Allotment Diary (May – Week 2)

At the beginning of the week I was feeling somewhat over-whelmed by the amount of sowing I’d been doing and even more so by the volume of seedlings that need daily care. This week I gradually worked through that overwhelm, got a lot of planting done, read my diary from last year and reassured myself that all will be well in a couple of weeks.

I love to swim after a ‘hard’ morning gardening

My big non-gardening related news this week is that the pool is open and I’m back swimming every day. I’ve chosen the 2:30 slot, which works perfectly for me, allowing me to hike/bike/garden in the morning and then relax in the pool and by the poolside in the afternoon.

like to sit by the pool and read almost as much as swim

I’ve been particularly encouraged to see the weather warming up next week and although there will be a little rain and plenty of clouds between sunny days, it looks warm enough to start planting out my spare peppers and tomatoes, after I’ve harvested enough veg to make room for them.

Seems warm enough to plant under cover, where soil temperatures are well above these minimums

Assuming the warming trend continues I will then be planting 1/4 of my under-cover summer veg, each week, until late May when I will switch over to the outdoor planting in June. May is always the hardest work and the highest stress month for me, but by June I realise that it was all worth it and look forward to a relaxed summer.

Fortunately I’ve also had time for a good hike with my grandson and spent time looking after his baby sister a few times too. Unfortunately it’s been too cold and windy for cycling, but most of the week has been lovely and sunny and that combination is just perfect for spending time on the allotment where I have the polytunnel to retreat to. We’ve also had a lot of rain, well a lot for us, by the end of today around 70mm. It’s impossible for me to lay down that amount of water by hand, so it’s a huge bonus as we normally don’t have any rain in spring.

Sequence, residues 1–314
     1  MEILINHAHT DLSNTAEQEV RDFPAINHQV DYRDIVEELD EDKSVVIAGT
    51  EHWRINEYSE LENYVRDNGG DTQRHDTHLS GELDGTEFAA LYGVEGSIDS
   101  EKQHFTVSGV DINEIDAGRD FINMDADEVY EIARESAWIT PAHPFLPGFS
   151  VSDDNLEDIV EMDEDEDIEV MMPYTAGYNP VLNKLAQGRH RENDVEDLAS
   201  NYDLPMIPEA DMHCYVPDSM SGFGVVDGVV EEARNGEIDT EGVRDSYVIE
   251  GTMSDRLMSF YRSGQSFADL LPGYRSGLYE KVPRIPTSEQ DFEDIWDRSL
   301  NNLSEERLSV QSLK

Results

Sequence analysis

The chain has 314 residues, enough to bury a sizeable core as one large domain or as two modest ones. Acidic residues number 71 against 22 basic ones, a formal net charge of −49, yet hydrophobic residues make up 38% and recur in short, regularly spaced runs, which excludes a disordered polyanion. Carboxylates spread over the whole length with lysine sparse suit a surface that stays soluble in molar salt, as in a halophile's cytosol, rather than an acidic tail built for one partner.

I could hardly keep up with him on the climbs, which makes a nice change

My favourite activity in the garden is harvesting, but I enjoy planting a lot too and this week I got to plant my most important brassica crop of the year, kalettes, this single bed will start to provide us with leafy greens in July and continue to provide us with kalette tops (like little cabbages) in early winter and the kalettes themselves (flower sprouts) all through winter and early spring, finally providing us with a flush of leaves and rapini in mid spring. I’m taking my last plants out on Monday! I have a growing guide for kalettes in my book.

Kalettes, so much promise from such un-assuming plants

Into the kalette bed I inter-planted over 200 leeks. I tried this last year and it worked a treat, provided you don’t mind your leeks being a bit bent and crooked.

I’ve also planted 80 dwarf french bean seeds in the ground, under a low cover, the soil is about 12c on average, warmer in the day, but not less than 10c at night, so I’m hopeful. It’s a lot less effort than module sowing!

The first strawberries, I have 15 of these baskets!